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In France, up to EUR 4000 for people who trade in their car for a bike

In an effort to both lower emissions and compensate for high energy prices, the French government is stepping up financial support for people willing to swap their cars for bikes.

Both citizens and organizations can apply for a 'conversion bonus' if they give up a polluting car, van or truck and buy a regular bike, e-bike, cargo bike or electric-powered bicycle trailer. The subsidies, which were first introduced in 2018 and have been scaled up as of 15 August 2022, are prorated by income and other factors, with the highest amount of EUR 4000 going to low-income people and organizations based in low-emission zones.

Since most families switching from driving to cycling will want to be able to move around together, the scheme has been extended to subsidize a bike for every household member, covering up to 40% of a bike's cost.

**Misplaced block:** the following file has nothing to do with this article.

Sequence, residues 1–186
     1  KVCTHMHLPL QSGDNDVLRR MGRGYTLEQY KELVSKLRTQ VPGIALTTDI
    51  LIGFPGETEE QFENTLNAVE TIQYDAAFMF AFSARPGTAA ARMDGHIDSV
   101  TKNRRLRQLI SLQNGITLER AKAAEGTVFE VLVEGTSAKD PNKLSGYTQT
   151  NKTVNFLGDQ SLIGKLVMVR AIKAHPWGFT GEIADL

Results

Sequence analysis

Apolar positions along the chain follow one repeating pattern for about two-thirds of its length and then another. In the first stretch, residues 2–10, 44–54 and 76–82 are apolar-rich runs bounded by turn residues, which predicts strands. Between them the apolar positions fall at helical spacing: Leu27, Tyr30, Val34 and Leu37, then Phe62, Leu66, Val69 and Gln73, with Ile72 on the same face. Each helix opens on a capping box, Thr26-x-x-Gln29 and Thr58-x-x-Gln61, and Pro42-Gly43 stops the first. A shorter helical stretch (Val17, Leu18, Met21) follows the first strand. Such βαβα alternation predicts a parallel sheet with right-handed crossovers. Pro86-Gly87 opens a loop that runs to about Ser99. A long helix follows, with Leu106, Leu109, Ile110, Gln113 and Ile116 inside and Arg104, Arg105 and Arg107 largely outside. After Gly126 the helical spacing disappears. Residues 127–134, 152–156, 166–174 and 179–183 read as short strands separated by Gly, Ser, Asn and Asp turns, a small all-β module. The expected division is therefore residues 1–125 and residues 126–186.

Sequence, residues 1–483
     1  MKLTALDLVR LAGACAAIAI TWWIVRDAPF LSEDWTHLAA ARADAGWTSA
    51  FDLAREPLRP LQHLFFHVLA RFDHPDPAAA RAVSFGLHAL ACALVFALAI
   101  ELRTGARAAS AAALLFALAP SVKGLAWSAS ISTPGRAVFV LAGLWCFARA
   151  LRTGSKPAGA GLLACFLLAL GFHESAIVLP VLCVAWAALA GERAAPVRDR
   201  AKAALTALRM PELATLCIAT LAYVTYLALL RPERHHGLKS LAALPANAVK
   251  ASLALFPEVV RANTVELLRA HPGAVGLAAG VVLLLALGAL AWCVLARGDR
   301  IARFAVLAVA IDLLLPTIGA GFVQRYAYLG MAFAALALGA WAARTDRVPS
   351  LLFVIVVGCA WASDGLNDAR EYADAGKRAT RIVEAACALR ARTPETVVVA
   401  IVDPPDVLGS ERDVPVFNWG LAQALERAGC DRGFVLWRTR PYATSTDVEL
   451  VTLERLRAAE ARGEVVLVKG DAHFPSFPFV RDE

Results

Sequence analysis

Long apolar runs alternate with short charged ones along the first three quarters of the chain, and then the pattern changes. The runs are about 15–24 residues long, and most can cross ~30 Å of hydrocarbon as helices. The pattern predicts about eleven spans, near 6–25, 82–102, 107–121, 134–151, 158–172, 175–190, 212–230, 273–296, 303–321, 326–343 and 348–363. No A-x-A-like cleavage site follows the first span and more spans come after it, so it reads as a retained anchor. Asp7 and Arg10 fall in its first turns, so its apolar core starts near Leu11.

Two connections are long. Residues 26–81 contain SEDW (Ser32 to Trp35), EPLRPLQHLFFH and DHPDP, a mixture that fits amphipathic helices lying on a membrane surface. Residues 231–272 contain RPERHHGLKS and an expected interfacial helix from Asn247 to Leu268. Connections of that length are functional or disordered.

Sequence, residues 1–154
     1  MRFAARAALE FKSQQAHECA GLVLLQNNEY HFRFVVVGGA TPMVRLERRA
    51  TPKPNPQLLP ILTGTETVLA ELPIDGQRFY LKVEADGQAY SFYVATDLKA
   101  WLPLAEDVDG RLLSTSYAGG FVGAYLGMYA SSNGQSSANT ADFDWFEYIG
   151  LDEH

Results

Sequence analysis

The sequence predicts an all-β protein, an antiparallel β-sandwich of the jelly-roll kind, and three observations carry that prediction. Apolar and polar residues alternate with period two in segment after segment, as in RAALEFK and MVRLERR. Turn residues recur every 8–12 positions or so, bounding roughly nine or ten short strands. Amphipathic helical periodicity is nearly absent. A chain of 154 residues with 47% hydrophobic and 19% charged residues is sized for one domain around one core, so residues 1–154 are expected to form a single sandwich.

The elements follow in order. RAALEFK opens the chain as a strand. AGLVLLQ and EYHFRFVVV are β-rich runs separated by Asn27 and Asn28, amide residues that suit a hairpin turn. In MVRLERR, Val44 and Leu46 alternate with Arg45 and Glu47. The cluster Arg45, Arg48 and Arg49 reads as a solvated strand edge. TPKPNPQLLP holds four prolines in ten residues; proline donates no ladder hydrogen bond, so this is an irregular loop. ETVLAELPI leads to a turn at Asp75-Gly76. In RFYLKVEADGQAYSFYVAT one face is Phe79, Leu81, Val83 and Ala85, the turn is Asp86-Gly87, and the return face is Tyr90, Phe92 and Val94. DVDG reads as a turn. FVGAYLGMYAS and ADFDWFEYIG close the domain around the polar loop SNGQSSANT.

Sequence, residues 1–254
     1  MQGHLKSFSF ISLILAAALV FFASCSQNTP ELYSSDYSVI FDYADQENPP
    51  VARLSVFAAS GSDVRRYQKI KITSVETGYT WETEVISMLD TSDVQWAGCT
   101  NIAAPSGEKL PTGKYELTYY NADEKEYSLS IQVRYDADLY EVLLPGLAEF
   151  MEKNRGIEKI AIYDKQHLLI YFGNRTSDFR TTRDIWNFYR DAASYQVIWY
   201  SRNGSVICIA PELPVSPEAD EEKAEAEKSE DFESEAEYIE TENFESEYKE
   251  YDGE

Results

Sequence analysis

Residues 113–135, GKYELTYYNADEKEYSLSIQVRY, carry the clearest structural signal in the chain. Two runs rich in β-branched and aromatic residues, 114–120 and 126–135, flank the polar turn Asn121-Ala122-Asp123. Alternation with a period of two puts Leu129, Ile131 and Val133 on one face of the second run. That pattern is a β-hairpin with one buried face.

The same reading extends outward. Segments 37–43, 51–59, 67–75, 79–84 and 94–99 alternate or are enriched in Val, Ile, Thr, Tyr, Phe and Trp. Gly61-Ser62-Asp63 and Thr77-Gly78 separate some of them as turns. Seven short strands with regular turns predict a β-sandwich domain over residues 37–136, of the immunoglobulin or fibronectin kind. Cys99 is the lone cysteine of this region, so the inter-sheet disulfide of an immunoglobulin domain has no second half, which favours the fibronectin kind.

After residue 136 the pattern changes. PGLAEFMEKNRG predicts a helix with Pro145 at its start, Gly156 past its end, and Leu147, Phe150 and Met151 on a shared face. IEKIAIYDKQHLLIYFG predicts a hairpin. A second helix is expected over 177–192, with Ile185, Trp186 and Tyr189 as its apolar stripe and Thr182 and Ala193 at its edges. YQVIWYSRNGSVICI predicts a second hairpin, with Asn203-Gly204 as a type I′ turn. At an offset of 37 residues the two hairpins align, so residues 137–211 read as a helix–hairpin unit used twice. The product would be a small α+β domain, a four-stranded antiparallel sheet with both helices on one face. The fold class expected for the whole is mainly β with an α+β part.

For people who'd like to try out cycling before giving up their car, or who want to drive less without quitting altogether, the government also offers a lower amount dubbed an 'ecological bonus,' for example, EUR 300 towards the purchase of an e-bike by someone in a higher income bracket.

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France has seen a rapid uptick in the use of bicycles: the number of bicycle trips in 2021 was 28% higher than in 2019, and sales of e-bikes increased by 29% between 2019 and 2020.

High fuel prices, the pandemic and climate concerns all contribute to a new-found vélo love, but so do policy efforts. In 2018, the French government introduced 'Le Plan vélo' to boost cycling to 9% of all daily trips by 2024 — not just through financial incentives for consumers but by creating more and safer bike lanes and tackling bicycle theft.

There's a huge potential to lower emissions since 60% of home-work journeys of less than 5 km are made by car and just 5% by bicycle. As Reasons to be Cheerful reported on the findings of a recent study, "If the entire world pedaled as much as the Dutch do, global carbon emissions would fall by nearly 700 million tonnes per year. That's more than Canada's entire carbon footprint."